We use cookies. You have options. Cookies help us keep the site running smoothly and inform some of our advertising, but if you’d like to make adjustments, you can visit our Cookie Notice page for more information.
We’d like to use cookies on your device. Cookies help us keep the site running smoothly and inform some of our advertising, but how we use them is entirely up to you. Accept our recommended settings or customise them to your wishes.

Do I Think Google is Evil? No.

The Register recently ran an article outlining some critical issues with Adwords. I was quoted in the article, along with Andrew Goodman, Dan Thies, Aaron Wall and others. I thought it was fairly balanced and well-researched. I want to make clear that while I don't consider Google an "evil" company in any sense, I recognize that without sound consultation or education about the Adwords network, advertisers can bleed money by using it. The article above does a good job of outlining the issues. To summarize, here are the major problems with Adwords that every advertiser needs to get a handle on: Automatic Matching
      What it does: uses Google's proprietary technology to match your keywords to related terms.
      Why worry: broad matching has already proven to be problematic for many advertisers. There are usually good reasons to use broad-matched keywords - we often do so for our clients - but always with caution. The ideal set-up is to incorporate embedded match into separate ad groups to separate broad, phrase, and exact matched keywords. Then you can get a pure signal about CPC, CTR, and conversion data by match type.
      More reading: see Automatic Matching: Don't Fall for This! by Dan Thies, and this thread on SEM 2.0 about embedded matching.
    Content Network
        What it does: displays your ads on Google's partner sites as contextual ad placements.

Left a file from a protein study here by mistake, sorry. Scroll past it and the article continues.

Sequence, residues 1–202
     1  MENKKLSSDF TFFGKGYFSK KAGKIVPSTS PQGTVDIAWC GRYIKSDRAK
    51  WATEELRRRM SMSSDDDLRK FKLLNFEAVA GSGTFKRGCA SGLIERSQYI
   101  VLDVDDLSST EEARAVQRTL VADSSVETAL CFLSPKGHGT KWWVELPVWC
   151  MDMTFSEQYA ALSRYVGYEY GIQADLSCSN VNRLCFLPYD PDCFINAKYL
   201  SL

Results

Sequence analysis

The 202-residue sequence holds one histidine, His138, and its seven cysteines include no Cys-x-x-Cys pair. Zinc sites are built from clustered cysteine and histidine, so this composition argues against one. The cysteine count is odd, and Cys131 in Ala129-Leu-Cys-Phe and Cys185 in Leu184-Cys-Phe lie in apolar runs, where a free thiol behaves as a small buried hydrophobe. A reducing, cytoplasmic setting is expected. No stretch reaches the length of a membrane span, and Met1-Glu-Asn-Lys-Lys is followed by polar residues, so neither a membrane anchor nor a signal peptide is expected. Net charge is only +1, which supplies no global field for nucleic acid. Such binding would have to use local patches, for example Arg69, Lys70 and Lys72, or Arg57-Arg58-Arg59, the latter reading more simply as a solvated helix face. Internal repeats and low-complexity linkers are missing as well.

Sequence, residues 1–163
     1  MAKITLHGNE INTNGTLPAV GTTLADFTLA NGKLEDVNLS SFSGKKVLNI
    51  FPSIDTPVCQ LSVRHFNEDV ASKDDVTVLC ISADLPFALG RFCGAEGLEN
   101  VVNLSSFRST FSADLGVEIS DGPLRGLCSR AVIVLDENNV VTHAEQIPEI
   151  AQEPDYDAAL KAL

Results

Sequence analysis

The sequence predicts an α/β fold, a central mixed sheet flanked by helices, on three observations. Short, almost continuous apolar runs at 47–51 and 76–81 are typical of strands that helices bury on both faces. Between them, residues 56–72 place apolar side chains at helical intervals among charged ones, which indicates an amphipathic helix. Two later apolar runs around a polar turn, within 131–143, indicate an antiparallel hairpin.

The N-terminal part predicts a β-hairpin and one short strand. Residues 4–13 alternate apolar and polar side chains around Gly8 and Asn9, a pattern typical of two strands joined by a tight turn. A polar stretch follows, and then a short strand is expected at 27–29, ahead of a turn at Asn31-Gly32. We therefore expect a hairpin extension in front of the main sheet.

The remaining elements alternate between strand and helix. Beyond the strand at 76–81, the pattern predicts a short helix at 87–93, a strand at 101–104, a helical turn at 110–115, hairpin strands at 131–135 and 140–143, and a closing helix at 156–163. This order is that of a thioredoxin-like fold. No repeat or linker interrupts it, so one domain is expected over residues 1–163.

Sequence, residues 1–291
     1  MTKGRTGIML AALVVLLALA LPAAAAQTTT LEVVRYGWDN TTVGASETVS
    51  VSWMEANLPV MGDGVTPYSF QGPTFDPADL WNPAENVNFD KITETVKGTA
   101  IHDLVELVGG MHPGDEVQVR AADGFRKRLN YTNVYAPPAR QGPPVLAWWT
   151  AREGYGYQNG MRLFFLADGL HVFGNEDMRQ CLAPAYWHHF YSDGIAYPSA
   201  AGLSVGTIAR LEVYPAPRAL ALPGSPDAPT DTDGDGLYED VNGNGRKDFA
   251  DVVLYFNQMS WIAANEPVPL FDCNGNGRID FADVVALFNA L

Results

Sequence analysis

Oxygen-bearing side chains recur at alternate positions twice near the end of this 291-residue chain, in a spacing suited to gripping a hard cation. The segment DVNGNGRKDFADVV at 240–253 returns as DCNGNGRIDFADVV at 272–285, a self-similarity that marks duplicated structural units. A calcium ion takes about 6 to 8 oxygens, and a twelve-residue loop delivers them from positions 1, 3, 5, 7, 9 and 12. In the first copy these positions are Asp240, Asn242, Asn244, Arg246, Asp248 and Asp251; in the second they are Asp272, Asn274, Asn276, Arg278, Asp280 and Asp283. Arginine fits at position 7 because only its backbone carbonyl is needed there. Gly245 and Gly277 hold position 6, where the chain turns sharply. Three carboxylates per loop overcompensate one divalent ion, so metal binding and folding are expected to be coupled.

Why worry: your ads will automatically show on the content network, unless you explicitly opt-out. Best practices are to run your content and search network ads as separate campaigns. Combining them is problematic because it tends to skew keyword data.
        More reading: check out the information Google provides on site targeting before you run a content network campaign. In addition to being useful for improving ad performance on publisher sites, site targeting (which Google also calls placement targeting) can be a dynamite competitive research tool. In this post Aaron Wall outlines some of the pros and cons of using Google's site targeting feature.
      Quality Score & Ad Rank
          What it does: Google's Quality Score (QS) dictates what your minimum bid will be, and with Ad Rank, where your ad is displayed in the paid search results.
          Why worry: the way Google ranks ad quality and dictates minimum bids has to be opaque. That's not surprising, really. What can be surprising is how unwary advertisers can get burned here. While Google targets so-called "bad actors" by hiking up minimum bids when keywords and landing pages don't match up, sites without knowledge of how QS factors into their costs can become collateral damage.
          More reading: the best place to start is on Google's fantastic Adwords Help Center, for example this section entitled What is Quality Score and how is it calculated? and this topic list on Ad Quality and Performance factors.
        So what's the consensus, is Google evil? No. Google is simply a big business looking out for itself. Remember: Google fails as a search engine when the following happens:
        • They lose relevance
        • Searchers lose faith in the results
        • Advertisers get poor results
        There's at least the potential for Google to become evil with Adwords. Why? Because it's so complicated. There are a lot of dials to turn. There are a lot of little tricks to learn. Many small advertisers are at the mercy of Adwords when they launch campaigns without being educated about the network. Because of that, there's the potential for Google to squeeze ever more money out of them - at least until the advertiser stops their campaigns because they simply can't afford them. As PPC consultants, obviously it's our job to educate our clients and get them the best Return On Advertising Spend (ROAS) we can. But it's also our job to work with Google, Yahoo, MSN, or whoever the next useful paid search provider will be. Whenever I've met with representatives from the major search engines, I've always been impressed by how open and friendly they are. They're a lot like me! It's just that they're on the other side of the value equation - as the provider of the network or service. As the provider of consultation and education (and ROI) for our clients, it's in our best interest to work alongside these networks and align with their needs. So, does that all sound like I'm bootlicking Google? Maybe it does. But it comes down to this: we're in the business of building revenues and online visibility for our clients. That means we're also in the business of working with the search engines.
        Join the Discussion